19 University of Sheffield NLP Engines and Algorithms

20 University of Sheffield NLP Support Vector Machines Attempt to find a hyperplane that separates data Goal: maximize margin separating two classes Wider margin = greater generalisation

21 University of Sheffield NLP Support Vector Machines Points near decision boundary: support vectors (removing them would change boundary) Points far from boundary not important for decision What if data doesn't split? – Soft boundary methods exist for imperfect solutions – However linear separator may be completely unsuitable

22 University of Sheffield NLP Support Vector Machines What if there is no separating hyperplane? See example: Or class may be a globule They do not work!

23 University of Sheffield NLP Kernel Trick Map data into different dimensionality http://www.youtube.c om/watch?v=3liCbRZ PrZA http://www.youtube.c om/watch?v=3liCbRZ PrZA As shown in the video, due to polynomial kernel elliptical separators can be created nevertheless. Now the points are separable!

24 University of Sheffield NLP Kernel Trick in GATE and NLP Binomial kernel allows curved and elliptical separators to be created These are commonly used in language processing and are found to be successful Linear and polynomial kernels are implemented in Batch Learning PR's SVM

25 University of Sheffield NLP Support Vector Machines SVMs combined with kernel trick provide a powerful technique Multiclass methods simple extension to two class technique (one vs. another, one vs. others) Widely used with great success across a range of linguistic tasks

26 University of Sheffield NLP Perceptron and PAUM Perceptron is one of the oldest ML methods (invented in the 50s!) Has some similarities to SVM (implements a linear separator) Theoretically SVM works a little better because it calculates the optimal separator However in practice there is minimal difference Perceptron is a lot faster!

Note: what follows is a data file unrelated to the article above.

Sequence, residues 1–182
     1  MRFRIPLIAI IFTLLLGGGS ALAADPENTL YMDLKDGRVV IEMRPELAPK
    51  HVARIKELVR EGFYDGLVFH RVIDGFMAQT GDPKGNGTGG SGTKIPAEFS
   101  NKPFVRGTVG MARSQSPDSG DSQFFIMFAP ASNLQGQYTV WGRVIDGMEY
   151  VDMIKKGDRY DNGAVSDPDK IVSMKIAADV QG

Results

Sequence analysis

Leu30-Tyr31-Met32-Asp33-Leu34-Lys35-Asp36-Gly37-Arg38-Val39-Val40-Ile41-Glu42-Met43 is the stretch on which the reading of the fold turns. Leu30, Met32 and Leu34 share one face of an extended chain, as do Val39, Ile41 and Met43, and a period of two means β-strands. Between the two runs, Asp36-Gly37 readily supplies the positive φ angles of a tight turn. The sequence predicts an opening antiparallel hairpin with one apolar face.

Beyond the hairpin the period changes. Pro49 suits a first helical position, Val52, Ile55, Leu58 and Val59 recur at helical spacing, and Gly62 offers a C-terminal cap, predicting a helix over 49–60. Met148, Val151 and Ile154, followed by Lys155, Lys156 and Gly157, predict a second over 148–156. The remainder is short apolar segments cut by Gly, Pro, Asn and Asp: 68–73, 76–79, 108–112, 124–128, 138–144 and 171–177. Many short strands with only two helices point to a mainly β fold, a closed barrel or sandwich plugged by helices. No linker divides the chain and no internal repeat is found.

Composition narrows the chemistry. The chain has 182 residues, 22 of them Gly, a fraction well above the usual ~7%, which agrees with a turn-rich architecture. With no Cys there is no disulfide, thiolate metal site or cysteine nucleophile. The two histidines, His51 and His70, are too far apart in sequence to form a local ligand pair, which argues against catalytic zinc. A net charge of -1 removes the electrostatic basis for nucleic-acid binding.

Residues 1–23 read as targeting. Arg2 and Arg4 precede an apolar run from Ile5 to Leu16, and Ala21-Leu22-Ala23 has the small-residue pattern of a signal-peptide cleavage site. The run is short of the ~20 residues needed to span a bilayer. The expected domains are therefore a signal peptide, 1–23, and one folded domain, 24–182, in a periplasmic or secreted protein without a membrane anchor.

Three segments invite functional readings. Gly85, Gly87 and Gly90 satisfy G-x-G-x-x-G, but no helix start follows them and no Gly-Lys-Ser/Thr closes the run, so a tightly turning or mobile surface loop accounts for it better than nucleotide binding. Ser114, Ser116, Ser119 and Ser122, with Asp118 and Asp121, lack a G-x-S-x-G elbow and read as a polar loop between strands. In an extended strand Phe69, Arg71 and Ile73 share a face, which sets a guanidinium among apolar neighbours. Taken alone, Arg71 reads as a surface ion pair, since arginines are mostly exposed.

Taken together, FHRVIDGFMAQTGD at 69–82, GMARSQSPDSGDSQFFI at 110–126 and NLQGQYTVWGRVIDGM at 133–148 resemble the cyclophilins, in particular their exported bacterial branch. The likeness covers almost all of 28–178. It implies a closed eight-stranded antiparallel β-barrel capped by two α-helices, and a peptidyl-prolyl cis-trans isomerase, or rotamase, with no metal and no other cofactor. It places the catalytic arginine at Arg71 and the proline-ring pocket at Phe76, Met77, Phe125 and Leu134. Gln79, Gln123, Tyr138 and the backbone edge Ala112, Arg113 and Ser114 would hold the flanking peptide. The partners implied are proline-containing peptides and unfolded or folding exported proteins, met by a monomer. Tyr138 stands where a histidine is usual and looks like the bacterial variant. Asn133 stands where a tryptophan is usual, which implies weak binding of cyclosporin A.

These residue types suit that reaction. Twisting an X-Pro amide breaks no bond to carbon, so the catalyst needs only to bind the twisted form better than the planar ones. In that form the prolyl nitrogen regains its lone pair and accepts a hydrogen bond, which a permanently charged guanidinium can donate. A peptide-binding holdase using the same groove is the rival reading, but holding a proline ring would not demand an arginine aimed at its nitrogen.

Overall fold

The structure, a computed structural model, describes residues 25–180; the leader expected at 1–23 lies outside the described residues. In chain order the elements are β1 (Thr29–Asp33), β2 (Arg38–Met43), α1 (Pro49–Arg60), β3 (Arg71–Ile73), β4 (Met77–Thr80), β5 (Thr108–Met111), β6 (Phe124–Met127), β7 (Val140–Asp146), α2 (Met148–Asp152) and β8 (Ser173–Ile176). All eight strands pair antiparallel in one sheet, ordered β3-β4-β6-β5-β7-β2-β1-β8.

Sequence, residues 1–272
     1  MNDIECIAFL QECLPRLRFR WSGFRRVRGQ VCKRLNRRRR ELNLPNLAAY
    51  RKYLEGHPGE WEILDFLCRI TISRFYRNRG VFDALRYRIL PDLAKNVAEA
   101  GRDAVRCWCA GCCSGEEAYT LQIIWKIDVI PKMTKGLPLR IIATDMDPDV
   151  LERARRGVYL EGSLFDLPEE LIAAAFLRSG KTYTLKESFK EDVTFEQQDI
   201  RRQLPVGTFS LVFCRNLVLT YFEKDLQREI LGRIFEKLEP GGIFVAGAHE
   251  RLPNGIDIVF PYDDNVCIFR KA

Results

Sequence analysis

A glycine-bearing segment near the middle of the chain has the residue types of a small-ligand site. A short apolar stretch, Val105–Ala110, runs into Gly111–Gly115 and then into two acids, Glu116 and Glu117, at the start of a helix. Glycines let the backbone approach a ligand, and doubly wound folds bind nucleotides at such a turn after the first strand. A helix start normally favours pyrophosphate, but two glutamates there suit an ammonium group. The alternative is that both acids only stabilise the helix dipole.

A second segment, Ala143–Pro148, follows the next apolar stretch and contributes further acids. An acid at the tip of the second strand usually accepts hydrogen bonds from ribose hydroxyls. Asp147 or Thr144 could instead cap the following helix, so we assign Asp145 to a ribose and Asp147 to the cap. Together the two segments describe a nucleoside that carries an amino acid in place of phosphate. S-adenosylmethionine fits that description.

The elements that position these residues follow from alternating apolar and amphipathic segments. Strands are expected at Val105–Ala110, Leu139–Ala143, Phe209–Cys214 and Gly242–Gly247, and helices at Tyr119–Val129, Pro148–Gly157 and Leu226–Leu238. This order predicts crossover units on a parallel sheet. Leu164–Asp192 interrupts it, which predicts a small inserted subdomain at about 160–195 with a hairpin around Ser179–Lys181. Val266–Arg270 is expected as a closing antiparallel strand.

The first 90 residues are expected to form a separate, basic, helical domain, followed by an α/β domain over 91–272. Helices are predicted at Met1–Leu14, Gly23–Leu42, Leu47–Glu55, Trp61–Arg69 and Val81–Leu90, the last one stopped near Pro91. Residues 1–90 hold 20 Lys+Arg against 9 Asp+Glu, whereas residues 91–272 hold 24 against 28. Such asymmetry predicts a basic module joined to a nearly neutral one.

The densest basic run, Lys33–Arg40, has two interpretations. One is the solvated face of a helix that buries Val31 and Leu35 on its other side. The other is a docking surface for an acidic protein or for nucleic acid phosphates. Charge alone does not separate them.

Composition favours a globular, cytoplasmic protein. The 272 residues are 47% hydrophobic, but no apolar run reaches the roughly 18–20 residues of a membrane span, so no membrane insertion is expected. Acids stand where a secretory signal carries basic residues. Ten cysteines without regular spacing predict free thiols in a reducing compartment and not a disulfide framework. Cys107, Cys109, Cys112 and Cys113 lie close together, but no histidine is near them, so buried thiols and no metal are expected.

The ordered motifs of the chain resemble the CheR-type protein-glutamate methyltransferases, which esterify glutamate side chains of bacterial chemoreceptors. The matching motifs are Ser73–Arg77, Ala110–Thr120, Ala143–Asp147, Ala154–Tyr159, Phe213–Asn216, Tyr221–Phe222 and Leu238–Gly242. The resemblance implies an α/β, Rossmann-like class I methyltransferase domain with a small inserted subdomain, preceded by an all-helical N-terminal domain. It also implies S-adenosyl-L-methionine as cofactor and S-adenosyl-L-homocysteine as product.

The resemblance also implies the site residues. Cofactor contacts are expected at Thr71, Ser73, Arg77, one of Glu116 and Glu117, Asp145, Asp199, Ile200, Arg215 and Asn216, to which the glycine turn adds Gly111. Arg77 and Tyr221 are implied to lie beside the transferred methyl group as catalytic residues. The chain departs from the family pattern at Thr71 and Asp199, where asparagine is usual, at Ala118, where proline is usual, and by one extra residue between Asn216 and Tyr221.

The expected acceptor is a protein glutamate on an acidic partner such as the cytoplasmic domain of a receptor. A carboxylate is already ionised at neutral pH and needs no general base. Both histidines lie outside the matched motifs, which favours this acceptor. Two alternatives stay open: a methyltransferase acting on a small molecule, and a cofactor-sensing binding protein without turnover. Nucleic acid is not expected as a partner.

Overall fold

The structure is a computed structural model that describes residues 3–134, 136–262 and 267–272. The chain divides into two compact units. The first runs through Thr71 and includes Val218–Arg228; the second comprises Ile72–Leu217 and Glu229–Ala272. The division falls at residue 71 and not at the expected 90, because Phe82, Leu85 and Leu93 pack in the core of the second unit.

27 University of Sheffield NLP Perceptron You might think of perceptrons as being these things (correct) What this is actually calculating is a dot product w.x x2 x1 x3 f w1 w2 w3

28 University of Sheffield NLP More perceptron f(x) =1if w.x + b > 0 0otherwise { In English? – x is a datapoint represented as a vector – w is a vector that defines the separating hyperplane (it is perpendicular to it) – This function tells you which side of the hyperplane your point lies – (b defines an offset from the origin)

29 University of Sheffield NLP More perceptron How does it learn? – Each datapoint is annotated with class value 1 or 0 – Function returns 1 or 0 depending on which side of the separator the point lies – Calculate difference between actual and desired output – Multiply input vector by this delta and add it to the weight vector – Given sufficient iterations the separator will find a solution

30 University of Sheffield NLP Perceptron update w x Dot product is negative, so f=0 But x is a positive example! Oh no! Must update The separator Dot product is negative

31 University of Sheffield NLP Perceptron update w x x class is 1 f(x) = 0 w += (1-0)x The separator x

32 University of Sheffield NLP Perceptron update w x x class is 1 f(x) = 0 w += (1-0)x The separator x

33 University of Sheffield NLP Perceptron update x class is 1 f(x) = 0 w += (1-0)x w New separator x

34 University of Sheffield NLP Perceptron update Now x is on the right side of the separator! New separator w x

35 University of Sheffield NLP Perceptron with Uneven Margins Both Perceptron and SVM implement “uneven margins” (PAUM stands for Perceptron Algorithm with Uneven Margins) This means that it doesn't position the separator right between the points, but over one side

36 University of Sheffield NLP Even Margins

37 University of Sheffield NLP Uneven Margins

38 University of Sheffield NLP Why Uneven Margins? In NLP the datasets are often very imbalanced For example if you are finding instances of “Person”, you will have very many words that are not people and only a few that are Uneven margins may help with this Y. Li, K. Bontcheva, and H. Cunningham. Using Uneven Margins SVM and Perceptron for Information Extraction. Proceedings of Ninth Conference on Computational Natural Language Learning (CoNLL-2005), pp. 72-79. 2005.

39 University of Sheffield NLP Some Other Algorithms Batch Learning PR also includes the following from Weka – Naïve Bayes Uses Bayes' theorem (probabilities) to determine the most likely class given attributes and training corpus – K-Nearest Neighbour Determines class of a point based on k training points positioned geometrically closest to it – C4.5 (decision tree) Makes a series of binary decisions that determine the class of a point based on its attribute values (e.g. “is string length > 3?”)